Conditional Distributions (cont. ) The following is the conditional distribution of ticket Class, conditional on having passed:
Conditional Distributions (cont. ) The conditional distributions tell us that there is a difference in class for those who survived and those who perished. This is better shown with pie charts of the two distributions:
Conditional Distributions (cont. ) We see that the distribution of Class for the survivors is different from that of the nonsurvivors. . This leads us to believe that Class and Survival are associated, that they are not independent. The variables would be considered independent when the distribution of one variable in a contingency table is the same for all categories of the other variable.
Activity: Political Views Conservative Liberal Moderate Female Male TOTAL 1. What % of the class are girls with liberal political views? 2. What % of conservatives are boys? 3. What % of girls are moderate? 4. What is the marginal frequency distribution of political views? 5. What is the conditional distribution of gender among conservatives? Total
Day 3 Simpson’s Paradox When averages are taken across different groups, they can appear to contradict the overall averages.
Simpson’s Paradox (cont. ) n It’s the last inning of an important game. Your team is one run down with the bases loaded and two outs. The pitcher is due up, so you’ll be sending in a pinch-hitter. There are two batters available on the bench. Whom should you send in to bat? n Do the averages line up with the overall?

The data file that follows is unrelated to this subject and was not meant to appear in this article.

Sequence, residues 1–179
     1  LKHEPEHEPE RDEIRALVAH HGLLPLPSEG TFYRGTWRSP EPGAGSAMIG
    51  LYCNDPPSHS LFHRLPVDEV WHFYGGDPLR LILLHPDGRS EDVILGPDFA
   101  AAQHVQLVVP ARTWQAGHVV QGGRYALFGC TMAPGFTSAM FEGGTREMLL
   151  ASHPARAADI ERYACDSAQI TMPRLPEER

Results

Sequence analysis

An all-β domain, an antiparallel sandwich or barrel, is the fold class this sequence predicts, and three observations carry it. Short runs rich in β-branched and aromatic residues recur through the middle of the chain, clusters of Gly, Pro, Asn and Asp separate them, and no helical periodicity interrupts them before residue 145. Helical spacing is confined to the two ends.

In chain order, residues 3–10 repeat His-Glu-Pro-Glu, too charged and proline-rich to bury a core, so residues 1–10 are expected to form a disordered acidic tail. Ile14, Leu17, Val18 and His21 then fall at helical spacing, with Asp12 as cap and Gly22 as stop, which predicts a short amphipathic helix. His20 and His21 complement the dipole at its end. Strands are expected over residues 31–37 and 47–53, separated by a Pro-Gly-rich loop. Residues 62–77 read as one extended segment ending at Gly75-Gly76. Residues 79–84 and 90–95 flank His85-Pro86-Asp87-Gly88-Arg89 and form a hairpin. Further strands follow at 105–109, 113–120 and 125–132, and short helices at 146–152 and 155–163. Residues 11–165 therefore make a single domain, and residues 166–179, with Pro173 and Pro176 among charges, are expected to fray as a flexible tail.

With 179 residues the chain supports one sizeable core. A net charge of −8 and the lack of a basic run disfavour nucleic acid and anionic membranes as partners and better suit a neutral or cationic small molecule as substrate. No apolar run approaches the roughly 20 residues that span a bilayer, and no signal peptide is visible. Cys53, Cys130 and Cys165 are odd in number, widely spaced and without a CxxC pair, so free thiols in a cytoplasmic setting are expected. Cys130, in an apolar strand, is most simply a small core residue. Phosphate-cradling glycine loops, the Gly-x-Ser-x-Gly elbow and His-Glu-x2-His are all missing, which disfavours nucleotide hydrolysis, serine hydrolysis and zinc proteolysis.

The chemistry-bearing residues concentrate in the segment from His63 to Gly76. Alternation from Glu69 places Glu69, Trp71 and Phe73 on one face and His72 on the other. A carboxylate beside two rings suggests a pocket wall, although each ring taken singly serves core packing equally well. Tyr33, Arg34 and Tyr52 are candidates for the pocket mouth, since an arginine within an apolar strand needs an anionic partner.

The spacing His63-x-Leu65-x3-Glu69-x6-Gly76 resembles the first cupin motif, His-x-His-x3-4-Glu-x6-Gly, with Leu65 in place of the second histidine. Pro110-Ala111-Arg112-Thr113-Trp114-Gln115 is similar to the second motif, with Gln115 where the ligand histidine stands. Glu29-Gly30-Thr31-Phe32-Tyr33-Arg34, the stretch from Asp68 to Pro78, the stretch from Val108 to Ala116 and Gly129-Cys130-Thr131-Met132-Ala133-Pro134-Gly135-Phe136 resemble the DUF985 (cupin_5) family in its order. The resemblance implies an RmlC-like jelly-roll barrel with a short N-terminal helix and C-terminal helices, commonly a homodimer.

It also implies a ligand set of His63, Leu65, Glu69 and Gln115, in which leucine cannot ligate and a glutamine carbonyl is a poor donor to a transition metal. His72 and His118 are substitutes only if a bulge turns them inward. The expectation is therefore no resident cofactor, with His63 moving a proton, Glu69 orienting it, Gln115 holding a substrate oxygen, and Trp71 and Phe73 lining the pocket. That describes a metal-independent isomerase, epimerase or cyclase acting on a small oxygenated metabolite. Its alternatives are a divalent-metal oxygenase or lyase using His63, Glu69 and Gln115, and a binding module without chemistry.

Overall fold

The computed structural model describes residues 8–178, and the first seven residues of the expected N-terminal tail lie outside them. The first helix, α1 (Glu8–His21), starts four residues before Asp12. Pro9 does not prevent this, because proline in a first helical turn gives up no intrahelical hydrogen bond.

Segmented Bar Charts A segmented bar chart displays the same information as a pie chart, but in the form of bars instead of circles. Each bar is treated as the “whole” and is divided proportionally into segments corresponding o the percentage in each group. Here is the segmented bar chart for ticket Class by Survival status:
What Can Go Wrong? Don’t violate the area principle. While some people might like the pie chart on the left better, it is harder to compare fractions of the whole, which a well-done pie chart does.
What Can Go Wrong? (cont. ) Keep it honest—make sure your display shows what it says it shows. This plot of the percentage of high-school students who engage in specified dangerous behaviors has a problem. Can you see it?
What Can Go Wrong? (cont. ) Don’t confuse similar-sounding percentages—pay particular attention to the wording of the context. Don’t forget to look at the variables separately too— examine the marginal distributions, since it is important to know how many cases are in each category.
What Can Go Wrong? (cont. ) Be sure to use enough individuals! Do not make a report like “We found that 66. 67% of the rats improved their performance with training. The other rat died. ”
What Can Go Wrong? (cont. ) Don’t overstate your case—don’t claim something you can’t. Don’t use unfair or silly averages—this could lead to Simpson’s Paradox, so be careful when you average one variable across different levels of a second variable.
Recap We can summarize categorical data by counting the number of cases in each category (expressing these as counts or percents). We can display the distribution in a bar chart or pie chart. And, we can examine two-way tables called contingency tables, examining marginal and/or conditional distributions of the variables.
Assignments: pp. 38 -39 Day 1: #5 – 9 ODD, 11, 13 – 16 Day 2: # 17, 19 – 21 Day 3: # 23, 25, 28 Day 4: # 32, 33, 39 Read Chapter 4